jack vines
 

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Discussion Starter · #5 ·
I've had my 2022 Bolt EUV Premier for almost four months and I'm getting conflicting information about my efficiency, but my car shows a number similar to yours (4.3 mi./kWh) over the 10,000-plus miles I've driven. The MyChevrolet app shows 3.8 mi./kWh though, so I'm not sure which one is closer to accurate. I've tried as best as I can to track my actual usage as well, but I'm just basing my home charging on the number of miles of range added back and doing the math as to how many kWh that equates to. Not super accurate.

I also tend to reset the trip odometer every time I charge up (usually only to 80-90%), and I've seen numbers as high as 6.0 mi./kWh on my regular drive (usually pretty free-flowing and maxing out at 55 mph). I do a lot of city driving too in Chicago and it's not unusual to still be in the area of 5.0 mi./kWh over the course of a night of driving downtown. It's only those pesky interstate trips that bring my average mi./kWh back down to reality ;-P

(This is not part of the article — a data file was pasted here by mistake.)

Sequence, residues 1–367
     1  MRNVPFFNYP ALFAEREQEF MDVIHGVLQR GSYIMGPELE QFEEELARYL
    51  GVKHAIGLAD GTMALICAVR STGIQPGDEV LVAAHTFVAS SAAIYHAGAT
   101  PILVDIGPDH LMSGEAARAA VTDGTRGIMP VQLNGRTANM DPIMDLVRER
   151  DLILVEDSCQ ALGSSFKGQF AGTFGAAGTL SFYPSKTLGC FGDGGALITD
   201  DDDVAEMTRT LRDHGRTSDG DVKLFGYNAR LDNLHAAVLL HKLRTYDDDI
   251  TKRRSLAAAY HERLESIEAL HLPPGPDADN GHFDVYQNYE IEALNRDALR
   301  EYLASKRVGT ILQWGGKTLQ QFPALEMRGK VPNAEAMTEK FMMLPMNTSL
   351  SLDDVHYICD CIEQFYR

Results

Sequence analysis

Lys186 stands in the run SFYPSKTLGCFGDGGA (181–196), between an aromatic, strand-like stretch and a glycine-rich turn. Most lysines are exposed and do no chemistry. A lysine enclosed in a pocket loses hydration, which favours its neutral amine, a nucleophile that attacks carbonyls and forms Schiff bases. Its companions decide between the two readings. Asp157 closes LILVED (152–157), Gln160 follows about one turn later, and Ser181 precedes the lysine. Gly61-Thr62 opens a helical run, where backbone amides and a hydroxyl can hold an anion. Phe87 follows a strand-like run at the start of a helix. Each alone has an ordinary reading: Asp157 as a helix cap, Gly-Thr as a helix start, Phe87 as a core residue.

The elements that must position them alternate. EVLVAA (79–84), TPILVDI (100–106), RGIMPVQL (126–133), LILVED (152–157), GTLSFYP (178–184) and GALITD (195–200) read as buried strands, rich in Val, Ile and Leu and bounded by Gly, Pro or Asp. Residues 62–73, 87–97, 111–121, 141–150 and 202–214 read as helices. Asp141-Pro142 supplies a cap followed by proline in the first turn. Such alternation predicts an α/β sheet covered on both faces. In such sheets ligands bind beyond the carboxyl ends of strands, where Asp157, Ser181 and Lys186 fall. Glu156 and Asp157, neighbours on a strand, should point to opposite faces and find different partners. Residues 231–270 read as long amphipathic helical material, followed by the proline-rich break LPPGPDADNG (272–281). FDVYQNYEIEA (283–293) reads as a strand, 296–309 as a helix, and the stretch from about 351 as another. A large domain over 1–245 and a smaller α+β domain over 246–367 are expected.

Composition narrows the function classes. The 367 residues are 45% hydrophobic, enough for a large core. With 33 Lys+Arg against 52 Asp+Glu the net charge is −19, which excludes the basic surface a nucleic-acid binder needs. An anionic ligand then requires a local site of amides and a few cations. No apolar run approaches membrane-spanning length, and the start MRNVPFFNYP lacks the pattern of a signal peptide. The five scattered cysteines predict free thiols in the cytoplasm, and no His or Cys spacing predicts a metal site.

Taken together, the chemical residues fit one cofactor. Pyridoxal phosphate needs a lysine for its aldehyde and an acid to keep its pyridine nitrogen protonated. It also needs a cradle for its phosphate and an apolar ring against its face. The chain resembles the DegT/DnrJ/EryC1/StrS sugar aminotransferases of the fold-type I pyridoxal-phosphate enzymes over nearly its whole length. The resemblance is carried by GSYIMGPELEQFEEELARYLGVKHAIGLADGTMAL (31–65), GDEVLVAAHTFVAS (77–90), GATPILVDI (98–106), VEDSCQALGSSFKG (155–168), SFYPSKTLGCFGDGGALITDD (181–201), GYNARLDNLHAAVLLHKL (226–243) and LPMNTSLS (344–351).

I wish there was a way to see actual kWh used and/or added over the course of time, such as with a lifetime count as well as maybe a "Trip A" and a "Trip B" like many ICE vehicles have. Does anyone else know how to address this?
I also wish there were a trip A and trip B, it would be helpful. most of my driving have been on city streets vs any highway. When i went from Fl to TN and back, i was at 3.9.
 

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2022 Bolt - Silver Flare Metallic- LT1
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The majority of my driving is below 65 mph and I’m looking at 4.5 miles per kWh. The 40-50 mph range with occasional stop lights really seems to help efficiency. Highway speeds above 65 mph sucks the juice right out of that battery pack in no time.